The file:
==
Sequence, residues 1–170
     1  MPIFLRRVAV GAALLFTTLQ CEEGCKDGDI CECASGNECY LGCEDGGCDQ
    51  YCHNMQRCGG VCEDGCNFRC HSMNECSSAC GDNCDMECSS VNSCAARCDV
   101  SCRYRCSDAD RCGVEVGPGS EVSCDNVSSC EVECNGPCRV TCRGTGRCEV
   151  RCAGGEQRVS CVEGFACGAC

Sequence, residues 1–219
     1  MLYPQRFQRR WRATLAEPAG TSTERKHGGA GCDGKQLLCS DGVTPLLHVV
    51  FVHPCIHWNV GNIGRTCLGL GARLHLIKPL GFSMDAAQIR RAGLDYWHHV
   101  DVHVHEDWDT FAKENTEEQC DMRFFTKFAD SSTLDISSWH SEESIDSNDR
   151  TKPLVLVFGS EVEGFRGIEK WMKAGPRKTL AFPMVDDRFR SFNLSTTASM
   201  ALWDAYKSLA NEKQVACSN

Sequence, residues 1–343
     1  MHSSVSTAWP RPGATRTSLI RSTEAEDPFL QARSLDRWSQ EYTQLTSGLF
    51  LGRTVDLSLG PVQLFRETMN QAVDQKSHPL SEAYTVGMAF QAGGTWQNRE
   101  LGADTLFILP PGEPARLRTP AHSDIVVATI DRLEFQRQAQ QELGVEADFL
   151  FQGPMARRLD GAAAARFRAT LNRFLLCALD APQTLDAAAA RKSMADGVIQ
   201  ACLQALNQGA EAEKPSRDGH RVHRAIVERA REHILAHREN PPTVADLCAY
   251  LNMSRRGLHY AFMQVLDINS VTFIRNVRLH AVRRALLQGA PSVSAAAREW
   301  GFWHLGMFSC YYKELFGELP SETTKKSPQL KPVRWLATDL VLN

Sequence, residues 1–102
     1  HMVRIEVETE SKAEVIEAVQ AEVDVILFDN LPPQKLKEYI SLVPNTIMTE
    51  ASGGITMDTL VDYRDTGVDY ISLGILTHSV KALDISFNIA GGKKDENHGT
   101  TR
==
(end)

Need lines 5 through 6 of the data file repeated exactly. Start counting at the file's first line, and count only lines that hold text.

   151  RCAGGEQRVS CVEGFACGAC

Sequence, residues 1–219